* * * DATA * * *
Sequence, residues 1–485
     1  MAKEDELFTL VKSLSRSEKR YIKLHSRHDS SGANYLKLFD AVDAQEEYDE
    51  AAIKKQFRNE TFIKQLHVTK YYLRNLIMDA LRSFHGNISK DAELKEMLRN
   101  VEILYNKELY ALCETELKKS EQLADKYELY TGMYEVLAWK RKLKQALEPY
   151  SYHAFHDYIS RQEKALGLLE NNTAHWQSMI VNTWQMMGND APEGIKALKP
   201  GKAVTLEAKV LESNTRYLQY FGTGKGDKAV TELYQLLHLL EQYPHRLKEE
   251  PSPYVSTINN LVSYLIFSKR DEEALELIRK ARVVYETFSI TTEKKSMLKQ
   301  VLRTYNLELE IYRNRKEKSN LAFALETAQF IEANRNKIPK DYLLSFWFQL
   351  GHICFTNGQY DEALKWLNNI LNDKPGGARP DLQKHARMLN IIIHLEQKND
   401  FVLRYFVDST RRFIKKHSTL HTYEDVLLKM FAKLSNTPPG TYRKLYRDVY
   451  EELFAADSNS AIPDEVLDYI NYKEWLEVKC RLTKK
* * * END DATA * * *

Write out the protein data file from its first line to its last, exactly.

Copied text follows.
Sequence, residues 1–485
     1  MAKEDELFTL VKSLSRSEKR YIKLHSRHDS SGANYLKLFD AVDAQEEYDE
    51  AAIKKQFRNE TFIKQLHVTK YYLRNLIMDA LRSFHGNISK DAELKEMLRN
   101  VEILYNKELY ALCETELKKS EQLADKYELY TGMYEVLAWK RKLKQALEPY
   151  SYHAFHDYIS RQEKALGLLE NNTAHWQSMI VNTWQMMGND APEGIKALKP
   201  GKAVTLEAKV LESNTRYLQY FGTGKGDKAV TELYQLLHLL EQYPHRLKEE
   251  PSPYVSTINN LVSYLIFSKR DEEALELIRK ARVVYETFSI TTEKKSMLKQ
   301  VLRTYNLELE IYRNRKEKSN LAFALETAQF IEANRNKIPK DYLLSFWFQL
   351  GHICFTNGQY DEALKWLNNI LNDKPGGARP DLQKHARMLN IIIHLEQKND
   401  FVLRYFVDST RRFIKKHSTL HTYEDVLLKM FAKLSNTPPG TYRKLYRDVY
   451  EELFAADSNS AIPDEVLDYI NYKEWLEVKC RLTKK